By Max R. Weller
Sometime in 2012, the powers-that-be at Longmont’s OUR Center decided to end emergency overnight sheltering for homeless adult men and women, and focus instead on fundraising for a new facility dedicated to so-called transitional living. This change took place on January 1st of this year.
The Times-Call published a puff piece on March 9th about the new aim of this nonprofit, featuring a gentleman named Doug Branstetter. Read Longmont’s OUR Center offers a fresh start for those struggling , homeless. This was more than the Homeless Philosopher could stand to let pass without a challenge. So, I became involved in an online debate in the comments following the story:
homelessphilosopher: The fact is that many chronically homeless people will not succeed in transitional living programs.
What does the OUR Center do with them, since it no longer offers emergency overnight sheltering? It puts them on a bus to Boulder Shelter for the Homeless, which has already reached its capacity of 160 on most winter nights, so they wind up going to a network of churches and a synagogue operated by Boulder Outreach for Homeless Overflow.
Longmont should be taking care of its own, in view of the fact that the 2012 MDHI Point-in-Time Report counted more homeless people in Longmont than in Boulder! Ever heard of Lora Wilkerson? She’s the homeless woman who died of exposure in a Longmont city park on or about January 2, 2013.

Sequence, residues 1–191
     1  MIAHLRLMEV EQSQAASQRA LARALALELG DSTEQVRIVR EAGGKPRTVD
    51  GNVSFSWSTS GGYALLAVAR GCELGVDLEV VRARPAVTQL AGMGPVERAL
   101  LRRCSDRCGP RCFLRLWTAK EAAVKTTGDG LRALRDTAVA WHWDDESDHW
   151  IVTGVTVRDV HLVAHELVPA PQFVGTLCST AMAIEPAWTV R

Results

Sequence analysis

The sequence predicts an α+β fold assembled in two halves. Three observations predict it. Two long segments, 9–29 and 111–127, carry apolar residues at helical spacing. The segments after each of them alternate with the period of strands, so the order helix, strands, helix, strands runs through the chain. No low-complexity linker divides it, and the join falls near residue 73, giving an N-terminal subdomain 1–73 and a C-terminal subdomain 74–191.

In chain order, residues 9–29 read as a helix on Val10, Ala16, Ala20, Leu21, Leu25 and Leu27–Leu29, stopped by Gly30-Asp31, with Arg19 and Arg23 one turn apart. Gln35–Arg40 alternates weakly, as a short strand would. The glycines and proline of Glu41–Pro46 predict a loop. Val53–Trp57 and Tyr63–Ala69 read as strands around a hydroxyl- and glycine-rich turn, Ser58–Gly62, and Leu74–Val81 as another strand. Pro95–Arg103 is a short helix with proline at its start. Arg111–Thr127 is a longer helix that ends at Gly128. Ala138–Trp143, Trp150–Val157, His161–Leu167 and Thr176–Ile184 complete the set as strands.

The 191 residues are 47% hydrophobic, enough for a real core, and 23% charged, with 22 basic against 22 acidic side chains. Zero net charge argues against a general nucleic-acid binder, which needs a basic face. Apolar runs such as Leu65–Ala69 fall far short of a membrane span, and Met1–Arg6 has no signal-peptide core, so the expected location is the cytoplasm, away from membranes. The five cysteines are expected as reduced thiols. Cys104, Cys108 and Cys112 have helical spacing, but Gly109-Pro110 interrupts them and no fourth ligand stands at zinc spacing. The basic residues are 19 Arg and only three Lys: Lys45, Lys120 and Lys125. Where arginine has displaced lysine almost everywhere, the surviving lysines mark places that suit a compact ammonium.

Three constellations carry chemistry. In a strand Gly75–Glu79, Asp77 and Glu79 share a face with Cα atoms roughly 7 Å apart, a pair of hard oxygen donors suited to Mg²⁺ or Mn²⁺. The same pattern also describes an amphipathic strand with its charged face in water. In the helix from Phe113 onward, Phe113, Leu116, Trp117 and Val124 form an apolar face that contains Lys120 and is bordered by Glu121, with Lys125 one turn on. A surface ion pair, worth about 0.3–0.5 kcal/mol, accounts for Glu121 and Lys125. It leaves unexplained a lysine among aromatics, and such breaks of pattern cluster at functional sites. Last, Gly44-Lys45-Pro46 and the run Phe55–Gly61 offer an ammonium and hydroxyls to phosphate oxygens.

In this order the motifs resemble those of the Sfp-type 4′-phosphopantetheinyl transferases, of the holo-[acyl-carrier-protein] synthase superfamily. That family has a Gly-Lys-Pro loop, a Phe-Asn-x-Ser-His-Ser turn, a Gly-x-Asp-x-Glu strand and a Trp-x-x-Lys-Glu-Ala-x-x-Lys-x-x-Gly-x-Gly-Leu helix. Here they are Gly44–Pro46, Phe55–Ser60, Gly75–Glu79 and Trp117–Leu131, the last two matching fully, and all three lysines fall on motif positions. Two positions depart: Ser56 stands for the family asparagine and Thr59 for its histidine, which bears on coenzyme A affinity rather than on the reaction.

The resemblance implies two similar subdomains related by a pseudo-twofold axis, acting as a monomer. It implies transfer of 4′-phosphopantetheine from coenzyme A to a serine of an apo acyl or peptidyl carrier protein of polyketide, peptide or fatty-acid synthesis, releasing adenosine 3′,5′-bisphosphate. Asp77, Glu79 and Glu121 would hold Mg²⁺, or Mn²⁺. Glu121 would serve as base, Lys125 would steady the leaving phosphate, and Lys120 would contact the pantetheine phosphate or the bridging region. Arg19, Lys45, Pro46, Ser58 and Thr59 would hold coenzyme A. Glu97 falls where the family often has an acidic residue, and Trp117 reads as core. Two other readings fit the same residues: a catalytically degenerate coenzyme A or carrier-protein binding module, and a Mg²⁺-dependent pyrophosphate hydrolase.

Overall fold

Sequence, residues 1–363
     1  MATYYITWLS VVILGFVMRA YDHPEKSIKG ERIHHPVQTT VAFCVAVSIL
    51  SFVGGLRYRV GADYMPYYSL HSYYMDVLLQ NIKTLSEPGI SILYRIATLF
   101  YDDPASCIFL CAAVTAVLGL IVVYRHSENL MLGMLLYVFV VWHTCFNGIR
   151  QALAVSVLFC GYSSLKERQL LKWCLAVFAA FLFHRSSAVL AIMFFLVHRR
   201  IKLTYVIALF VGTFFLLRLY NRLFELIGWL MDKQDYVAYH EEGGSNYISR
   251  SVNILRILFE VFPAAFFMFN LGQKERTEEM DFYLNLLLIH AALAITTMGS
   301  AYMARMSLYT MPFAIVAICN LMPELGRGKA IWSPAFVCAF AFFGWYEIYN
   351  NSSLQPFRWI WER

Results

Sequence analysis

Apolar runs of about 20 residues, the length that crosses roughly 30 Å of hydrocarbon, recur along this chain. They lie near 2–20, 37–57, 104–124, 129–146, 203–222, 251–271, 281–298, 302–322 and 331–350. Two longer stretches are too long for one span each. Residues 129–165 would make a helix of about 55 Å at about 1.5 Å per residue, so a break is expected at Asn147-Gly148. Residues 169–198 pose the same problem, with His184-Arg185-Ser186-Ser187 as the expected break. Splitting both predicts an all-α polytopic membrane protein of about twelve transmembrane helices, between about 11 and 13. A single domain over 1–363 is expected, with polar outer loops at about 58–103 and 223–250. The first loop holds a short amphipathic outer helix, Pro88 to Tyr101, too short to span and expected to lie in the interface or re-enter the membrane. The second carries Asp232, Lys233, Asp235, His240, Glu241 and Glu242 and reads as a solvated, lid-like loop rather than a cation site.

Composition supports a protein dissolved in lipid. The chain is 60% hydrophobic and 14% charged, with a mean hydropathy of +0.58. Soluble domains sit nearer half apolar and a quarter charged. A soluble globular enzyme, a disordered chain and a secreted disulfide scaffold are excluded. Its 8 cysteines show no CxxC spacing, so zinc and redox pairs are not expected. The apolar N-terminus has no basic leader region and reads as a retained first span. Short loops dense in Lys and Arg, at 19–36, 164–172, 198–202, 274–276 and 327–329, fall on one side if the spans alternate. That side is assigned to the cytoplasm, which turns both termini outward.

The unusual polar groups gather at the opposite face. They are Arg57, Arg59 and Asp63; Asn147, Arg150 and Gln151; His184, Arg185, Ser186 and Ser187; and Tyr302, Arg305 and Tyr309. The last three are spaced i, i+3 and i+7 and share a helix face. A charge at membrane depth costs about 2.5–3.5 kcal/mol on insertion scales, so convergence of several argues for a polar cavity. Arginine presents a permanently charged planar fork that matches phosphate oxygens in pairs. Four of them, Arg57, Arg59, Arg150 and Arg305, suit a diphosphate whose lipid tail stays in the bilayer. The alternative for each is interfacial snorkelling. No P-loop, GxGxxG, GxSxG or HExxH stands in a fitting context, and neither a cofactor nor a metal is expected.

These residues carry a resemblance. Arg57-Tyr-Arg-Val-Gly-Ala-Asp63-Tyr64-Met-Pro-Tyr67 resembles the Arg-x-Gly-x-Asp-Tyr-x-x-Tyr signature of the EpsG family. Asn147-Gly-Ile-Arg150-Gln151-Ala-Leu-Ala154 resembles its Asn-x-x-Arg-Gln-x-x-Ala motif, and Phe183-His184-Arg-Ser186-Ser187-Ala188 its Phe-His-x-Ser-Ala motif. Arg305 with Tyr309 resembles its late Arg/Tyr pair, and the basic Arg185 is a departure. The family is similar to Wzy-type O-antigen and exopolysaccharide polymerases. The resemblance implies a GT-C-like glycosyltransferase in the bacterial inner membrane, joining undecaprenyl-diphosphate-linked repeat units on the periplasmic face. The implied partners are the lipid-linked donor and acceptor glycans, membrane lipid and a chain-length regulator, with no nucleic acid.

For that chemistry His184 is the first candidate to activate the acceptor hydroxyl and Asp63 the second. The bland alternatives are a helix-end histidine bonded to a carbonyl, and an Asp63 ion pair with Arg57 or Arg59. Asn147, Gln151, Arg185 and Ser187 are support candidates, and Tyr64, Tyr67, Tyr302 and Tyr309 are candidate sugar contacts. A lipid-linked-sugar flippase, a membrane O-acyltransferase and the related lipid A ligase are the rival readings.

stine1221: The truth is that the increase in the numbers of homeless people in Longmont in the 2012 Point-In-Time Survey largely reflect homeless families with children – not individuals. The OUR Center has always been and continues to be actively involved in sheltering families with children. In addition, Longmont continues to operate its own Warming Center system which is coordinated by Agape Family Services. At the same time, the Longmont community supports the Boulder Shelter — which is our regional shelter — with funding and other support. Again, the loss of Ms. Wilkerson was indeed a tragic event. However, there are many facts about her death which have never been released to the public — including the fact that she did not at the time of her death or in the years before it, utilize any Warming Center or shelter because she had a place to stay. It really is vital with issues like this to find out the real story before spreading misinformation to the public.
homelessphilosopher: Unfortunately, the OUR Center’s choice to end emergency overnight sheltering puts many chronically homeless people in Longmont, CO at risk. Future deaths can be expected. It’s far more important to understand the need for providing a minimal level of emergency sheltering/services FIRST, especially since referring homeless folks to Boulder Shelter is not a viable answer when that facility is already at its 160-person capacity. Let’s not play blame the victim here, please — who knows whether Ms. Wilkerson might still be alive if only the OUR Center had been open?
Indeed, Agape deserves credit for picking up a small portion of the slack, but it’s only a small portion. According to press accounts, they have room for 50 overnight guests. Boulder Shelter for the Homeless is taking in 160 almost every night, and Boulder Outreach for Homeless Overflow over 100 at their network of churches and a synagogue. Since the 2012 MDHI Point-in-Time Report counted many more homeless people in Longmont than in Boulder, why is the latter city expected to house the former city’s overflow? Please explain the logic behind this policy adopted by the OUR Center.